Standing on Church Road, in a secluded part of the old village of Belgrave, and only two miles north of Leicester, Belgrave Hall is in an idyllic setting. The three storey brick building, in a plain Queen Anne style, was built between 1709 and 1713 for Edmund Cradock, who unfortunately died soon after completion and it passed out of the family in 1715. The Vann family owned the property from 1767 to 1844 and they were responsible for the building of Belgrave House which is on the opposite side of Church Road.
John Ellis, a wealthy businessman who was responsible for bringing the railways to Leicester moved into the Hall in 1846 with his wife, seven daughters and a son Although only middle class and not considered gentry, John Ellis’s daughters were seen as the best educated and most emancipated women in the district. Dedicated Quakers, they took a keen interest in politics and were active members of several charities. In 1874 they started the Town Mission in order to educate the poor and in 1877 they moved the school to Bath Street. Known as the Belgrave Adult School, it was one of the first establishments for adult education outside of a major town and the building it can still be viewed in Bath Street to this day.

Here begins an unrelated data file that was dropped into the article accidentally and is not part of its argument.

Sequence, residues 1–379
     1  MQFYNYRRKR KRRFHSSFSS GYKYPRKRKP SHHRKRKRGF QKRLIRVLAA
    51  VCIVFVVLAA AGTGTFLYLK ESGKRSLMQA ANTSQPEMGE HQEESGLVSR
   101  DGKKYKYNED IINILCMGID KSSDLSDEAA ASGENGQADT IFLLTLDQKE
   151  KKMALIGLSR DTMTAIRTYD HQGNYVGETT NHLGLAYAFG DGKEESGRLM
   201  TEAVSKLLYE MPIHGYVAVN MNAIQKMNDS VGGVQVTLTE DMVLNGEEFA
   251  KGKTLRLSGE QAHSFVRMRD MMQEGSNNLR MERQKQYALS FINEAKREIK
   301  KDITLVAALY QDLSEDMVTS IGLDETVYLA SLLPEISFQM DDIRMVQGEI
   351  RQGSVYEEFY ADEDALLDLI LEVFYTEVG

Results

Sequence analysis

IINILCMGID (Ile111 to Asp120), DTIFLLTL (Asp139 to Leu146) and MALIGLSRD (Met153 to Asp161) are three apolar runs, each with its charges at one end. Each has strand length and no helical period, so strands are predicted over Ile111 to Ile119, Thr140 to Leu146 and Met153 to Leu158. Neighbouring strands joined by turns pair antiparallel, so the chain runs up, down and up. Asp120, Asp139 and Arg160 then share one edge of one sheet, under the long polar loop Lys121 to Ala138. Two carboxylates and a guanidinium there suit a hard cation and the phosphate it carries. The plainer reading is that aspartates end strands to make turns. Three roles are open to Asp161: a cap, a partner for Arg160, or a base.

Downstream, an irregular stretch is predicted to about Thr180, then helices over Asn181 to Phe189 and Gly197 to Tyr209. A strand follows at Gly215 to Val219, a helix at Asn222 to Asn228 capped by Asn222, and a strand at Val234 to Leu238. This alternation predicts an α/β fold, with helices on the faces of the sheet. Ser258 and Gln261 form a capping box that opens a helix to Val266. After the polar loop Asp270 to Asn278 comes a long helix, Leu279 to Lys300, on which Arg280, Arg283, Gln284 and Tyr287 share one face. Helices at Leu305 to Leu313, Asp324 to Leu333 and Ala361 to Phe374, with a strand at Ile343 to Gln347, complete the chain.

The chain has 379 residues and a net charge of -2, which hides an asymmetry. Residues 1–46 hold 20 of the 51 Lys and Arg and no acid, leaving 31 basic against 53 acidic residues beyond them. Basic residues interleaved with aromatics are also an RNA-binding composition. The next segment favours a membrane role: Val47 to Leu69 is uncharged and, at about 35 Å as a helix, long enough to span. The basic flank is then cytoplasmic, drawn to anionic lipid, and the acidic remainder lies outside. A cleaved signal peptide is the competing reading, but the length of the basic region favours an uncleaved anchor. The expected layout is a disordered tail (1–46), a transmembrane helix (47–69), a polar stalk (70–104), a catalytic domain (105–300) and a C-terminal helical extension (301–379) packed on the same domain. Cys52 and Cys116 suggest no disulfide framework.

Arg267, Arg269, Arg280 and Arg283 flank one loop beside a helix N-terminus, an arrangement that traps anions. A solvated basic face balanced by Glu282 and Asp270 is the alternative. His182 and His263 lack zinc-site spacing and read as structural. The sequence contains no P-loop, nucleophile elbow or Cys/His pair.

The last of the Ellis sisters died in 1923 and Belgrave Hall was bought by Thomas Morley, a Leicester hosier. In 1933 it was purchased by Leicester Corporation for use as a museum and botanical garden
The main garden to the front of the building is now Belgrave Gardens, and is across the road, by the river. To the rear of the Hall visitors can enjoy the immaculately maintained formal and informal walled gardens which were first introduced by John Ellis, a keen horticulturist.
Moore. A 2003 Ellis of Leicester: A Quaker Family’s Vocation, Leicester, Laurel House Publishing
Pevsner. N. 2003 The Buildings of England: Leicestershire and Rutland, London, Yale University Press